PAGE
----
Joris Minne: The Harbour Inn
With its warm welcome and great seafood, Annalong’s Harbour Inn was the perfect place to take shelter from the wind and rain during a recent summer downpour
Published 26/06/2012 | 10:36
Northern Ireland doesn’t really do charming little ports the way the French and the English do. We don’t have Brixham or Concarneau.
Down south they have Kinsale, Galway and a string of small working harbours with their own charms, from Killybegs to Dingle. But up here we struggle to find a charming little fishing port in which to spend an idle moment admiring the boats, the streets and fishermen’s houses, bars and inns. Strangford is probably the prettiest we have. Across the Narrows is Portaferry, yet it seems depressed behind that smiling primrose façade.
But Annalong has something rare — a scale of operation that matches the activities of a tiny Victorian-era port, a toytown harbour and the appealing Harbour Inn overlooking the small crab and prawn boats that come in and out to unload their pots and creels.
On a June weekend, not even the massive stone piers that create an almost water-tight harbour can stop the boats tossing and bobbing with vigour as the heavy swell comes through the narrow entrance.
It’s an ageless scene. Men are on the quayside hoisting crab pots from the small boats while others stand in the protection of a covered external area of the Harbour Inn drinking pints. The large inn has two bars downstairs and a restaurant upstairs, the Upper Deck. From here you can get a clear view of any action below. Panoramic views allow your eye to sweep from the top of craggy Slieve Binnian to your left, down to the mill on the other side of the harbour and out to sea beyond the ancient quays.
At Mussenden Temple on the north coast, there is an inscription that, loosely translated, says very smugly: “How nice it is to be safe in here while we look at the ships tossed by storms out at sea.”
On a rough June day I have the same impression watching the fishermen on those tiny boats heading back out into the driving wind and rain. But this concern quickly passes as thoughts turn to the fruits of their labours — crab. If anywhere in the north should be good for crab, Annalong is the place.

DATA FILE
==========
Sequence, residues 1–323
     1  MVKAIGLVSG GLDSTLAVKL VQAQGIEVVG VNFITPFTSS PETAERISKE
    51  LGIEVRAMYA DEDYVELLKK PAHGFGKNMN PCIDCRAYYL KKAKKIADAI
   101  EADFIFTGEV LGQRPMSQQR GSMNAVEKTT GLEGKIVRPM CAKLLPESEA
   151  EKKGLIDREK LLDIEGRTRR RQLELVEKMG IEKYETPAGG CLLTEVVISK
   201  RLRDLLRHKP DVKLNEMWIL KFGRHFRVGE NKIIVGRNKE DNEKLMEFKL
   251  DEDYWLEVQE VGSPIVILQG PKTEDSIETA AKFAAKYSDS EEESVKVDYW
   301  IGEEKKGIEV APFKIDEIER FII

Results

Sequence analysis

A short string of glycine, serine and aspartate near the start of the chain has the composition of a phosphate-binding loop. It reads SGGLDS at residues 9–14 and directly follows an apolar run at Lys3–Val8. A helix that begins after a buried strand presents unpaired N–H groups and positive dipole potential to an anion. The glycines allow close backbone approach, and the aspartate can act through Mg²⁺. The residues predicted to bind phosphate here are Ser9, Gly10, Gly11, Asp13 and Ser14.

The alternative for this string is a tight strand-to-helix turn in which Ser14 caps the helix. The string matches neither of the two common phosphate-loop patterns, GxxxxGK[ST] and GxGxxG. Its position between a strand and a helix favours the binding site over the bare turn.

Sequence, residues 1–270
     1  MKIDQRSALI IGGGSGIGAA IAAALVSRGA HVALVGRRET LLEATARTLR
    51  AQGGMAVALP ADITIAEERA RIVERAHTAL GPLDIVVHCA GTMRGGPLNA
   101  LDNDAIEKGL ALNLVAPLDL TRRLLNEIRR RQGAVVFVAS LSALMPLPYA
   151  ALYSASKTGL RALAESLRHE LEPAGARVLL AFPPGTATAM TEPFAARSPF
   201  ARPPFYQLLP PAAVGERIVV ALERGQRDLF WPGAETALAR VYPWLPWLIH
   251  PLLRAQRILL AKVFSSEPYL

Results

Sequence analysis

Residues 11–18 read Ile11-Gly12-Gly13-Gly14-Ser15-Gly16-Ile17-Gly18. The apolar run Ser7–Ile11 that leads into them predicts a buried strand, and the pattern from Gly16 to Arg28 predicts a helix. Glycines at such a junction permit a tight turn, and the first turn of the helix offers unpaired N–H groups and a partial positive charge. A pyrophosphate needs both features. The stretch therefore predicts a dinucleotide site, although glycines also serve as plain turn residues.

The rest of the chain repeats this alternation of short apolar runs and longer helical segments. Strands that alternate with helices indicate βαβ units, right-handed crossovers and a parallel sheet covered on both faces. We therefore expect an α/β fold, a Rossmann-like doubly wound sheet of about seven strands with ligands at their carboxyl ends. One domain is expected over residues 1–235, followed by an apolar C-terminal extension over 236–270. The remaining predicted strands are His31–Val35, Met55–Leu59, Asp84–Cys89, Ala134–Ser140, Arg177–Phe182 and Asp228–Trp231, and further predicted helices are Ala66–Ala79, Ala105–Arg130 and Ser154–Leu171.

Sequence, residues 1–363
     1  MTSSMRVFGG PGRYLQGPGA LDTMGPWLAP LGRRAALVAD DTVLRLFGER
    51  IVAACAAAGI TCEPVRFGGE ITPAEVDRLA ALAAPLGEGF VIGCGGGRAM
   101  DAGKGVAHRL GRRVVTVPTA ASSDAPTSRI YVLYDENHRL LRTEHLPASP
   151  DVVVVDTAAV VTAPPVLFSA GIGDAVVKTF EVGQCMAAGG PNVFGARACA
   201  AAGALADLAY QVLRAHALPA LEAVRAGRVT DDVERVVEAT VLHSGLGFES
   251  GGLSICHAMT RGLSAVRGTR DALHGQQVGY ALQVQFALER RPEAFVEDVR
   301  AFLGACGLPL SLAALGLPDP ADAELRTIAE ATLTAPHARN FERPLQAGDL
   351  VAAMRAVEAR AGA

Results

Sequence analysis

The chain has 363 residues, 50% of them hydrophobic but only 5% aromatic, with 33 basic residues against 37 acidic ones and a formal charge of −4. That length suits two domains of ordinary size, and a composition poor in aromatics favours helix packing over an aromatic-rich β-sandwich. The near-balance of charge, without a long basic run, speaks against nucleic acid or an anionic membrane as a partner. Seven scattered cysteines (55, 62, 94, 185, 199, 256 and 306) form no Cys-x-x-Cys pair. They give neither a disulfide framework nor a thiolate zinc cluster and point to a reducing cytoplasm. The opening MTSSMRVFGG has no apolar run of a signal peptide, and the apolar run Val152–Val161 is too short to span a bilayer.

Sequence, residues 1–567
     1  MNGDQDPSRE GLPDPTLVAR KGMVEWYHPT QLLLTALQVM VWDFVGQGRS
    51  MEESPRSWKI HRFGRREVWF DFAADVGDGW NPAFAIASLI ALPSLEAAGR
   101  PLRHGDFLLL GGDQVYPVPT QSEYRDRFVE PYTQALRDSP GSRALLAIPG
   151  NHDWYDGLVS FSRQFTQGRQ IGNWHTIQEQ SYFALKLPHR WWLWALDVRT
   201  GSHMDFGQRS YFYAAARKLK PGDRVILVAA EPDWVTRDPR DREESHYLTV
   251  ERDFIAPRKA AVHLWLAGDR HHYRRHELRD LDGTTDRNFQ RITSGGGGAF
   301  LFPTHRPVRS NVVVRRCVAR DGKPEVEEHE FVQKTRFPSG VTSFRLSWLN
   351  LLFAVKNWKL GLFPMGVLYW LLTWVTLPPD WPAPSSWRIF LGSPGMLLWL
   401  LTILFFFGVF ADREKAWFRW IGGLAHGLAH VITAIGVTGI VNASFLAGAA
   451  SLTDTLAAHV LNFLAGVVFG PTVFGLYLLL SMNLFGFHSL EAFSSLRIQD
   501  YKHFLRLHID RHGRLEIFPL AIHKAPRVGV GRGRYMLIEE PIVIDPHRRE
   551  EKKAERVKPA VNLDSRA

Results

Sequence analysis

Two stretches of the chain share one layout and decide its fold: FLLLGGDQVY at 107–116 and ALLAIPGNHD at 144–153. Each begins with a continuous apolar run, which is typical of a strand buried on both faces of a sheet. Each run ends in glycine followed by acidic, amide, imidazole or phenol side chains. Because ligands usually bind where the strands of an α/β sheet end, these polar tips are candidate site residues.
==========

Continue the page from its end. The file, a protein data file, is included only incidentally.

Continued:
And the Harbour Inn’s menu is, thankfully, full of it. There’s Annalong crab salad with dill mayonnaise set on a bed of mixed leaves, crab claws pan-fried in a garlic herb butter, served in tossed salad leaves and drizzled with Caesar dressing and Harbour Inn dressed crab consisting of fresh crab combined with cracked black peppercorns, garlic and herbs on a bed of creamed rice.
That’s just the starters. Among the mains is a very appealing list of seafood dishes, including baked crab, lobster thermidor (laced with champagne and a hint of mustard, then glazed with the classic cheese sauce), haddock mornay and many more. For those not comfortable with the fruits of the sea, there’s any amount of steak, duck, chicken and even a couple of decent-sounding vegetarian dishes, including crispy stir-fry of fresh vegetables in a basil and tomato sauce and glazed with Cheddar cheese, and a penne pasta with mixed peppers, onion and mushrooms in a wine and cream sauce.
I am alone today, having brought my youngest daughter and three teammates to a sports tournament in nearby Kilkeel (if there is anywhere decent in which to eat in Kilkeel, please let me know).
Time is tight and I order two starters, the chowder and the crab claws. The server says there isn’t any Annalong crab salad today (figure that one out, because they can still manage to put out the crab claws with garlic butter). Anyway, they are excellent. Cooked just right, generous in number, not overpowered by the garlic, the crab claws make for a messy fingers-only lunch, so it’s a good job I’m alone. The meat is succulent and firm and the flavours are subtle but very distinctive. The only downside is the tired-looking salad beneath. Such is the quality of the claws, it’s a shame to let them down with chopped, brown-edged iceberg leaves. Best to ask for them plain and simple.
The chowder is another generous offering and it is packed with salmon, prawns and some white fish. There is no sign of potato, which is a very welcome omission, but the creaminess of the chowder itself is slightly overwhelmed by a cornflower aftertaste. Nonetheless, it’s a decent enough dish, particularly on an inclement day.
The front-of-house service is charming and quick, the kitchen is well run and the whole place spotless. My review is based on two dishes, which were very good value for money. I’ll be going back with the family very soon to disprove the contention so far that the view is almost as important as the food in explaining the success of the Harbour Inn.
Crab claws starter £6.95
Sparkling water £1.40
6 Harbour Drive, Annalong, Co DownBT34 4TT
Tel: 028 4376 8678